Wednesday, October 14, 2015

for the lamb who was slain

Sometimes, I feel an acute sense of guilt for wanting to be an artist (for being an artist? Am I an artist? What allows you to call yourself an artist? Am I just a lazy could-be teacher that selfishly wants to be an artist? Welcome to my brain on an existential crisis/guilt trip/waiting for the GRE)

But, then, at Mass on Sunday, the choir sang Hillert's Festival Canticle for the Alleluia instead of a predictable Hallelujah mass part. I didn't know that was even allowed. The rules of liturgical music seem so rigid, until you find them suddenly malleable. Instead of the familiar tones of a Gospel Acclamation, the organ took up the triumphant chords of Hillert's magnificent canticle.

The music reminded me of an image of Christ I hadn't seen in a while.

--

As I was sitting in a dim, dully-lit office lobby, waiting for the GRE-proctors to tell me that the internet in the room where I was to take the GRE was working, and I could take the test, I stared out at all the people walking down 3rd avenue, underneath the windows. I didn't have a book or a journal, or anything besides the key to my locker and my driver's license, so I was presented with the dilemma of what to do with myself while waiting with nothing to occupy me. I am not good at this. I am not good at doing nothing.

My mind reacted to the stress and the inertia by racing ahead at a million miles a minute: what does it say about you that you paid an exorbitant fee to go take a test that is fairly pointless, that will allow you to pursue a degree that is, in essence, a luxury?

I hate sitting in a glass box, above the street, observing all the restless activity and struggle of humans. Being there feels like removing myself; it feels like running away; or escaping. It feels like being a coward. Am I being a coward? Am I simply refusing to do the work of struggling?

My mind is racing, from nervousness and inertia.

Is something wrong, I wonder. Is something unhinged in there--inside my mind--is something rattling around that should be bolted down. The thoughts come so fast, I can barely register them. And I wonder what it feels like to be mentally unstable. I wonder if I am mentally unstable. I wonder if once that idea enters your head, once you entertain the idea of being mentally unwell (an idea fueled by one too many listens to the Next to Normal soundtrack, you can never recross the threshold back to being mentally well.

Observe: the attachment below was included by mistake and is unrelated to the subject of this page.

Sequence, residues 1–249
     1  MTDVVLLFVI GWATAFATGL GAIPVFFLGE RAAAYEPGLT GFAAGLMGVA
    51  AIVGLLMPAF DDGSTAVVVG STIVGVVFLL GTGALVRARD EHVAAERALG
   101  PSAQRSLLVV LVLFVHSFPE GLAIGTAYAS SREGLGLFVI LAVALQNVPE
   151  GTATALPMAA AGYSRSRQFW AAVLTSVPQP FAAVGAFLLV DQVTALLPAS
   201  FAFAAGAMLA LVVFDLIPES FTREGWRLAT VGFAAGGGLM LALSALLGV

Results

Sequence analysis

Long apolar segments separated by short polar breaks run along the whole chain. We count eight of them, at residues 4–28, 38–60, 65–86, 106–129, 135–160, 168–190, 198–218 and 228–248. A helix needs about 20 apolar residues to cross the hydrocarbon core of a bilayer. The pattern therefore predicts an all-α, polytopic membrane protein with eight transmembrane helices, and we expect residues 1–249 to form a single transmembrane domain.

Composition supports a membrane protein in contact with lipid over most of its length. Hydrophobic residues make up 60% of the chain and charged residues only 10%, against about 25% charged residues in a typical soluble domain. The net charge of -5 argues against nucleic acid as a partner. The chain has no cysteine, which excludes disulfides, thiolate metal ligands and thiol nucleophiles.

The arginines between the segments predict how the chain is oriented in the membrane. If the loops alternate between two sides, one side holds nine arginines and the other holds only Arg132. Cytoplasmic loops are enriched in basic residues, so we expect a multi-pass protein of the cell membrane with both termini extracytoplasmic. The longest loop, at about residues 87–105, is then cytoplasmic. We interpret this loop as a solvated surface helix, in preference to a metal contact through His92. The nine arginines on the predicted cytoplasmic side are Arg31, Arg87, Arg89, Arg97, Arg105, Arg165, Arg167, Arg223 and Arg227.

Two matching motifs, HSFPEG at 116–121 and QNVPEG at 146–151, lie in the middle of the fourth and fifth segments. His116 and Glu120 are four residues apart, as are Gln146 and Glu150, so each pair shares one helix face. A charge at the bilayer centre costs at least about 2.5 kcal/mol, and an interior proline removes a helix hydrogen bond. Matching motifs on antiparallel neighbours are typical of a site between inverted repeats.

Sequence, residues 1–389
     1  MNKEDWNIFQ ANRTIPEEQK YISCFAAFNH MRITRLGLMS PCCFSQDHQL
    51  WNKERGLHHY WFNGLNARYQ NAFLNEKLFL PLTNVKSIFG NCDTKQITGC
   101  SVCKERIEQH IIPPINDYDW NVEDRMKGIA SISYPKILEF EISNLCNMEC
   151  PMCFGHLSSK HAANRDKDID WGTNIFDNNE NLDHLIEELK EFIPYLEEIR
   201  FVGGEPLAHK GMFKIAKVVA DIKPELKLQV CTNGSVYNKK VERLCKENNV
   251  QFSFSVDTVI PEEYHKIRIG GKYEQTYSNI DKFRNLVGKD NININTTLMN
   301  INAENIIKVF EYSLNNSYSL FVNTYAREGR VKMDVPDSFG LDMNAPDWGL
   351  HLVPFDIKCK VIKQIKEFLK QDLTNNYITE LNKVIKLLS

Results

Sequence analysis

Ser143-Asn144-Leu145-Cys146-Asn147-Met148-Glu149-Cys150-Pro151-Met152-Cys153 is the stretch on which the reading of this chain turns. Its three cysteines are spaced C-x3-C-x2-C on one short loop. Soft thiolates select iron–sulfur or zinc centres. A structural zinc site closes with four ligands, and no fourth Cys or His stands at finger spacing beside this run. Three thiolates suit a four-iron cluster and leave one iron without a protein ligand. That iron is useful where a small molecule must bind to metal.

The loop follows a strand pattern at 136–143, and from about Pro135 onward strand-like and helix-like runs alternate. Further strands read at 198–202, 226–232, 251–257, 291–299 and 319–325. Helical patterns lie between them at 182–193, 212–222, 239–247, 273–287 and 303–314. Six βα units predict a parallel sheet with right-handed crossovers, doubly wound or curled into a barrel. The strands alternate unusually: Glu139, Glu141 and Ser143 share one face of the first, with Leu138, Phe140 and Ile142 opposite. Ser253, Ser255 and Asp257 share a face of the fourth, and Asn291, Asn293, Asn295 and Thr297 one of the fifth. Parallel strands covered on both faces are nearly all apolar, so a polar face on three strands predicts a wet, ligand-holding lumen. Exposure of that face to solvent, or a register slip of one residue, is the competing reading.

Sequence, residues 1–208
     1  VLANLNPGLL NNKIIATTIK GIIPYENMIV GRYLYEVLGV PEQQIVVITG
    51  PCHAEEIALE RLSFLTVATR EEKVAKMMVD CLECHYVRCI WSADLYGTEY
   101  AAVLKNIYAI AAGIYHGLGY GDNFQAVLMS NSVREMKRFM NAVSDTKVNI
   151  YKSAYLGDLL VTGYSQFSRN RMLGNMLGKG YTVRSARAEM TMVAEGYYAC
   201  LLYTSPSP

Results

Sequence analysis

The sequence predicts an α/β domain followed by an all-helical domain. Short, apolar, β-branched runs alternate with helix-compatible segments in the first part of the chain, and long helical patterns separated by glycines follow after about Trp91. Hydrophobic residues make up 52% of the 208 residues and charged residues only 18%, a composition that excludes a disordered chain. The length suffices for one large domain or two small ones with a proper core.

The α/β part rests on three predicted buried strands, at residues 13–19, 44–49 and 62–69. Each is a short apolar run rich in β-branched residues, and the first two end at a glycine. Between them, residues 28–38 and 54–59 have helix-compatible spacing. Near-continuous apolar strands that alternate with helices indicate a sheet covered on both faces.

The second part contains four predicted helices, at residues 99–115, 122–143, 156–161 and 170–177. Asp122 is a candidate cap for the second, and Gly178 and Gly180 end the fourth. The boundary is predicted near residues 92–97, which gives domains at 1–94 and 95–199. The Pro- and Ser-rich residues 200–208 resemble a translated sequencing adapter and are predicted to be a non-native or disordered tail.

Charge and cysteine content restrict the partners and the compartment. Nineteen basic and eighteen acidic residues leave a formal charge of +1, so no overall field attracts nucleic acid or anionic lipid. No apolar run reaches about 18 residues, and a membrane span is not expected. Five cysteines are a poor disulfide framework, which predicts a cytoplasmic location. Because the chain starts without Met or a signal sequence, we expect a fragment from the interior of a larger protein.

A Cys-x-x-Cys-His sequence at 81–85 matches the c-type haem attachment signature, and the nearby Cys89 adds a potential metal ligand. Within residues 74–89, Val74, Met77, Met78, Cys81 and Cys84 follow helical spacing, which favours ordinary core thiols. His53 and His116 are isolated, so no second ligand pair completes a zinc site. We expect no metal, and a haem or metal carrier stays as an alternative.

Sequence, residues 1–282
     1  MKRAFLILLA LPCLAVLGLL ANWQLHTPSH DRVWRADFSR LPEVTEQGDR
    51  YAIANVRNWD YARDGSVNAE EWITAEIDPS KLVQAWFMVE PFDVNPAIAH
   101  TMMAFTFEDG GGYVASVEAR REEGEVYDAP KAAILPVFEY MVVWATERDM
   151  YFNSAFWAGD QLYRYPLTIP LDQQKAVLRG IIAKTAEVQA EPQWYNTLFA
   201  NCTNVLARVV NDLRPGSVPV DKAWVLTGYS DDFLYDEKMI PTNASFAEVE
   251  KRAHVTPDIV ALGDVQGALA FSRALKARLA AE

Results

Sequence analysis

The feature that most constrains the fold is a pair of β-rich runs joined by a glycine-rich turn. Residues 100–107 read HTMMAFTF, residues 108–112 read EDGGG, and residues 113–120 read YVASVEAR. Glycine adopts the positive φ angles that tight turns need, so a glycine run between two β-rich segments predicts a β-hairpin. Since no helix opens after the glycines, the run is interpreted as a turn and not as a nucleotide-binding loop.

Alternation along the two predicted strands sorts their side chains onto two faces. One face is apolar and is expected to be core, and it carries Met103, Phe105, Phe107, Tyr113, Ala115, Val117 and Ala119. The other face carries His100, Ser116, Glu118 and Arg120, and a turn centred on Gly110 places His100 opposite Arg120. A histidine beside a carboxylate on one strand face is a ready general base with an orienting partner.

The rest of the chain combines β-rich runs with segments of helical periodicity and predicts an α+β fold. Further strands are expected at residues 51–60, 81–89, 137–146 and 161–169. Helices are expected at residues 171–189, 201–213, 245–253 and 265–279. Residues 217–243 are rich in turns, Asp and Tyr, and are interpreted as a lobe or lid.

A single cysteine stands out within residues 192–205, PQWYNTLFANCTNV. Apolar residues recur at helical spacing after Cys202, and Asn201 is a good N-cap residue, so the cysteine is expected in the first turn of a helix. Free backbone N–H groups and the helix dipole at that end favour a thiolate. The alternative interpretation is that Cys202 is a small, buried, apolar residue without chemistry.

My mind is racing. You think too much, I think to myself. I wonder what it is like to not think at all, to never be thinking about what you are seeing. It sounds foreign.

Our minds are so strange--and so weak. So susceptible to nervousness and inertia.

The woman announced I could take the GRE now. So I stood up out of my chair, away from the window, away from the street where people were running, trying to survive, and I took my key and my driver's license, and I moved again, forward. I broke the nervousness.

--
And then it was Hillert's Festival Canticle that broke the inertia. As I listened to the organ burst with sounds that hum and shake, I was reminded of a simpler faith of simpler times, of singing in blue robes, surrounded by flames and friends. I was reminded of the clear, gladdening light of Easter morning, that fills the nave like a baptism of sunbeams. I was reminded of a vision of Christ that is very simple and clear, lamb-like in His simplicity. His love pellucid and tender, effervescent and everywhere.

It was the notes that brought that vision to me; it was the simple words, ornately arranged in music that brought back images of beauty to me, that lifted a veil from the world. Something that had been shrouded was made clear to me once again, a Joy that had been stifled bloomed like my tomato plants. They are so hopeful for an Indian Summer, they don't seem to realize it is October. November is not far away. It is not time for tomato plants to be blooming, but rather time for bearing fruit.

And it was the music that brought that to me. And perhaps that alone makes it worthy of the struggle. There are people who latch on to Justice or Truth or Peace, and they fight for these causes. All of these, of course, are simply one primal cause, one center of the rose that is slowly unfolding, eternally. But they are such different lenses of stained glass through which to filter the light. Together, they fracture the beam into a swath of many colors, and they piece it back together into one strong beam of light. 

Perhaps that music--that beauty--is quite enough. Perhaps in the midst of all the desperate calamities of the world, beauty is still enough. Perhaps, because it lifts the veil, it is not only worthy of the struggle, it is a deep and worthy struggle for a human to undertake.

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